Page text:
Peter, James, John, and Andrew are scared of what he has just said.  They've probably made their way to the Mount of Olives very shaken by Jesus' words, so they ask him, "Tell us, when will this be, and how will we know when it's going to happen?"

 

          And then Jesus tells them, "Beware that no one leads you astray.  Many will come in my name and say, `I am he!' and they will lead many astray.  When you hear of wars and rumors of wars, do not be alarmed; this must take place, but the end is still to come.  For nation will rise against nation, and kingdom against kingdom; there will be earthquakes in various places; there will be famines.  This is but the beginning of the birth pangs."

 

          As I said, it's tempting to file these words in the same file that we have for terrorist threats and weather warnings.  But that's not what we're meant to do. 

 

          It seems like the word apocalypse no longer means what it really means.  People use it now to mean catastrophe, or disaster, but the word means to reveal.  And its fullest meaning is to reveal what is really happening.  My favorite example of this is when Toto pulls back the curtain to reveal that the Wizard of Oz is just a man pulling levers and shouting into a microphone.

 

          And really, that's what Jesus is trying to do.  I would guess that you and I are so shell-shocked by news coverage that we focus on the earthquakes and famines, but read Jesus' words more carefully, and look at what he is really saying, "You will hear of wars and rumors of wars, do not be alarmed…"  The fulfillment is still to come. 

 

          Let me paraphrase.  The end of corruption and violence does not happen when you see corruption and violence.  People are going to fight for money and power, for food.  The weather is going to go crazy sometimes, and people are going to draw cosmic conclusions from that, but don't you do it.  Do not be alarmed…this is only the beginning of the birth pangs.

 

          And notice that Jesus shifts the metaphor from this catastrophic language to child-birth.  The Kingdom of God is coming, but it's coming like a baby.           The world will writhe like a woman in child-birth, but when it happens, it will be a beautiful thing—like new baby being wrapped in swaddling cloths.  It's how Jesus and all humanity is born—that's what the end of time is going to be like.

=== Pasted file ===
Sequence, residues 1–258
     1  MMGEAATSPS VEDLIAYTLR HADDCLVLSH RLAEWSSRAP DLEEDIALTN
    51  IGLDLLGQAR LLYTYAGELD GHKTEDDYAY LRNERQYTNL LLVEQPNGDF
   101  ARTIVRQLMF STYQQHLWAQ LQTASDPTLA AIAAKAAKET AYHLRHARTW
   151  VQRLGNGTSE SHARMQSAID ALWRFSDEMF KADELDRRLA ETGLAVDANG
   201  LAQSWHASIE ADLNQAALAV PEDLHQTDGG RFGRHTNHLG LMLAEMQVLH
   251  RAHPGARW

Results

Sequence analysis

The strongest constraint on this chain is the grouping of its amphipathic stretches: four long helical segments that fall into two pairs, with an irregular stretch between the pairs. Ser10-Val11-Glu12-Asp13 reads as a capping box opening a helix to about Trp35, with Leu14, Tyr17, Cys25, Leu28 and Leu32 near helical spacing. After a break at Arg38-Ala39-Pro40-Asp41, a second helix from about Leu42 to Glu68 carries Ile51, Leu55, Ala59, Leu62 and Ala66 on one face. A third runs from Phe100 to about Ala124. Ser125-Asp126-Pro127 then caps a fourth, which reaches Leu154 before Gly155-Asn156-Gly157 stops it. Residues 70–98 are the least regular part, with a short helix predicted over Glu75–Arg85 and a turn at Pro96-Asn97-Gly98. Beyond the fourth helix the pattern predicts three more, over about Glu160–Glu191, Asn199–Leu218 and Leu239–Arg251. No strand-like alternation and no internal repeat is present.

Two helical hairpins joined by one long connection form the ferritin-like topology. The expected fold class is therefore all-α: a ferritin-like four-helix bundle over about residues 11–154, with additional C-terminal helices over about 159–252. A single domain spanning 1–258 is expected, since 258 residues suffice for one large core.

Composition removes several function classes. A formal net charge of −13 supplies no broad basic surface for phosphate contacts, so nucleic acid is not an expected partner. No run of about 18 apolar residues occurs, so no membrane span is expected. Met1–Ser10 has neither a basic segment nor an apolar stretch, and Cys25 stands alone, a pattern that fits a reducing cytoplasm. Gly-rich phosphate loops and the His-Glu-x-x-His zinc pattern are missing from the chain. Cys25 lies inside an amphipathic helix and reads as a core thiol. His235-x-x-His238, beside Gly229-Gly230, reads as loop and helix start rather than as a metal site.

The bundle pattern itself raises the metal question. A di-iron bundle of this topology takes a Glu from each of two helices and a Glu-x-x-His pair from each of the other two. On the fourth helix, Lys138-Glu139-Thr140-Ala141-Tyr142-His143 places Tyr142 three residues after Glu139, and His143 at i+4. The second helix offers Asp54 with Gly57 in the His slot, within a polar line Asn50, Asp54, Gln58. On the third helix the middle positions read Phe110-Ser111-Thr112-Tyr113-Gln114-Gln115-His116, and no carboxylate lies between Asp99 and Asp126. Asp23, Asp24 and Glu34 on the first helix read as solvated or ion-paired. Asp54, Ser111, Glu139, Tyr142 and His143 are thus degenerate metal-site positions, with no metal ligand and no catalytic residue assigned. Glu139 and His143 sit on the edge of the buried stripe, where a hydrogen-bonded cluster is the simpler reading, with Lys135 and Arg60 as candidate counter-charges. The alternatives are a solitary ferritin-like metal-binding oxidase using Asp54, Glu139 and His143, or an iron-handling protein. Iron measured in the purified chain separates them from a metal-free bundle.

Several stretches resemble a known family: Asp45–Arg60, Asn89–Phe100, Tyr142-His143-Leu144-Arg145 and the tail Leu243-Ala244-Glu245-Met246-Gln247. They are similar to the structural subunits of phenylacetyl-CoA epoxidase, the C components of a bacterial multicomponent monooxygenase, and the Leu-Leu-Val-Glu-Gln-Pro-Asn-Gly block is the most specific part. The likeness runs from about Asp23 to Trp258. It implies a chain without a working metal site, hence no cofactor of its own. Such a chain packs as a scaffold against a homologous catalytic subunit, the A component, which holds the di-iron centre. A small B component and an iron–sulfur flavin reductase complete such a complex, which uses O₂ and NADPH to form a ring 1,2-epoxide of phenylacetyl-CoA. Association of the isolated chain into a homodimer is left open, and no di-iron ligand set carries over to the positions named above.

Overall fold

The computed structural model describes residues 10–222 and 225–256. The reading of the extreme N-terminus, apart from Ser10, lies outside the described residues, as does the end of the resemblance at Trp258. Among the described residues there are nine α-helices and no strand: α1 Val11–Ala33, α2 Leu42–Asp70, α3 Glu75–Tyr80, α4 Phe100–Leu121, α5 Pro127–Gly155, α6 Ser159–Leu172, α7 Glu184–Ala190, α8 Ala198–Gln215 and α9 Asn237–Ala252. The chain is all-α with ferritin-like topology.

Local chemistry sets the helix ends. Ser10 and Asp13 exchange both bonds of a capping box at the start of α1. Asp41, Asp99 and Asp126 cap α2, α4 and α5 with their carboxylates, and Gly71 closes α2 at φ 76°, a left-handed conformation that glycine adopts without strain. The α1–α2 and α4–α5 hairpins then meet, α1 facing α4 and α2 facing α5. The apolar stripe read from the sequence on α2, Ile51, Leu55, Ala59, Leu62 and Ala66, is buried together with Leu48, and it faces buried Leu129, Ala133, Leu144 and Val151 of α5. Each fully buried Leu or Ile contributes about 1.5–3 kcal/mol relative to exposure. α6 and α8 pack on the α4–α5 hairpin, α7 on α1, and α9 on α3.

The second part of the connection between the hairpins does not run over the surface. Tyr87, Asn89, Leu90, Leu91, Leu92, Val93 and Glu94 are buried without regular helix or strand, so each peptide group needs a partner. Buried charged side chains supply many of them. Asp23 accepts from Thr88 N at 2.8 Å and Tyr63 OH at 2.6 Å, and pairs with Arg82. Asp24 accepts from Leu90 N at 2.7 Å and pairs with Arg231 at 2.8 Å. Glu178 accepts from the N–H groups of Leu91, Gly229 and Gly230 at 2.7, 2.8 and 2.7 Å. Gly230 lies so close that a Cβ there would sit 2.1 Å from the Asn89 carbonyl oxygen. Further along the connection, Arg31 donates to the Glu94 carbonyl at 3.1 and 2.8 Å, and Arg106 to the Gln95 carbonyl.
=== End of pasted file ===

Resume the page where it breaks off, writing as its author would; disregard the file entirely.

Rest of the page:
The response of the faithful soul, therefore, is not fear or despair, or stocking up on drinking water and flashlight batteries—rather, we are meant to welcome the unfolding of the Kingdom in our midst.  Faith is not some kind of denial of what is happening around you.  Faith is reaching your life forward into a deeper trust that God, who has brought you this far, will be there for you in the future. 

 

          The Temple will fall, and indeed it did fall.  And other buildings will fall—and people will call it the end of time, but that's not what we are meant to do.  We are meant to embrace faith in the midst of uncertainty, believing that we are in God's hands, and that God is always bringing about something better than we have known.  (Pause.)

 

          I want to share with you something that I have been thinking about over the last several weeks.  It's not a very deep thought, but if I share it with you, maybe you can take it back to your prayers, and see where you come out.

 

          It seems to me that you have to do your part to take care of your soul.  You can't just mindlessly watch anything on television, or read, or whatever, and believe it doesn't affect the way you think and feel.  I could point to a hundred examples of things you could watch, or read, that are subtly corrosive to our outlook on life, but you already know about that.

 

          I want to hold before you the incalculable value of drawing aside. Turning it off.  Making a cup of tea or coffee and thumbing through The Book of Common Prayer or the Bible.  If it's morning, read through Morning Prayer.  A lot of Episcopalians don't know that the service is actually titled—and this is true even in the 1928 Book—Daily Morning Prayer.  It's meant to be read daily.  Try that. 

 

          I would be willing to bet that you've never read though the Ordination liturgies.  You might do that.  Or read through the Catechism, or the Thanksgivings.

 

          Or just pick up the Bible and thumb through it.  Find your favorite Psalm, or dip into one of the Gospels.  Just read it.  Just sip your coffee and read it.  Let the words wash over you.   Turn off your mind a little bit, and read the words with your heart.  Let them soak into your soul, and wash away the anxiety and fear that seems to be everywhere.[*]

 

          You and I were created by God to enjoy this life, not to fear it.  Do not be afraid.  Nurture your soul.  Pray.  Find ways of drawing aside.  You have the power to do that.  It will make such a difference in your relationship with God.  And it has the power to change everything for the better.

 

 

-o0o-

 

 

If this sermon was meaningful to you, please consider giving to the church where you feel most at home.

 

The churches of Beckford Parish, where this sermon was preached, are: